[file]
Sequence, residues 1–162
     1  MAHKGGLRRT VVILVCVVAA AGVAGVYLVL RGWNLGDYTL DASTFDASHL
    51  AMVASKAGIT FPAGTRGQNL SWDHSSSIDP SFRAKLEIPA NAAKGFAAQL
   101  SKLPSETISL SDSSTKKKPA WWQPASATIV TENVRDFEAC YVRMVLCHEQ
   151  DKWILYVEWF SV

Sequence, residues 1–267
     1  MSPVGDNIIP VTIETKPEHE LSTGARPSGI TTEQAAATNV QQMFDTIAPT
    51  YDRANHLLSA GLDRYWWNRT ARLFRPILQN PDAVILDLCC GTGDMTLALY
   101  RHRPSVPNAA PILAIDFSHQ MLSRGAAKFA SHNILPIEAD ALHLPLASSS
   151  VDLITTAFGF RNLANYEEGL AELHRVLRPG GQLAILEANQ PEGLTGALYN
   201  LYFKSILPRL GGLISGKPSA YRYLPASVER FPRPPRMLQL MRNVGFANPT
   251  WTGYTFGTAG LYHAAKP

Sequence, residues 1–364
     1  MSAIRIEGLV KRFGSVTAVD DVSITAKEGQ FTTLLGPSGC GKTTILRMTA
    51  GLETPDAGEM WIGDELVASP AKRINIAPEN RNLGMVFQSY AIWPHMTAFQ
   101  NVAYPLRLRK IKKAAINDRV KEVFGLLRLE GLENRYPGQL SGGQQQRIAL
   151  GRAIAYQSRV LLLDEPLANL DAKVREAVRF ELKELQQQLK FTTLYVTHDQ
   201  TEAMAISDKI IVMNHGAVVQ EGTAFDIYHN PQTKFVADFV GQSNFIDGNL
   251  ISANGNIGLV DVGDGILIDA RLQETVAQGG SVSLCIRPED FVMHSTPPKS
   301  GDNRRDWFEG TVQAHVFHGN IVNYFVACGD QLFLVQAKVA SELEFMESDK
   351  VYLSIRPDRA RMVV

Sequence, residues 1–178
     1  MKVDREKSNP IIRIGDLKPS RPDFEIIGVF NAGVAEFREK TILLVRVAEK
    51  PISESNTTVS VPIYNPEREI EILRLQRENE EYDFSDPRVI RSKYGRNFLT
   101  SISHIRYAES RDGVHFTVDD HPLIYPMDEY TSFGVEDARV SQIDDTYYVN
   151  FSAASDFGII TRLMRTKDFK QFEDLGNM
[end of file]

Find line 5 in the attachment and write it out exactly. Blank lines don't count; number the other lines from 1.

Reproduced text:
   151  DKWILYVEWF SV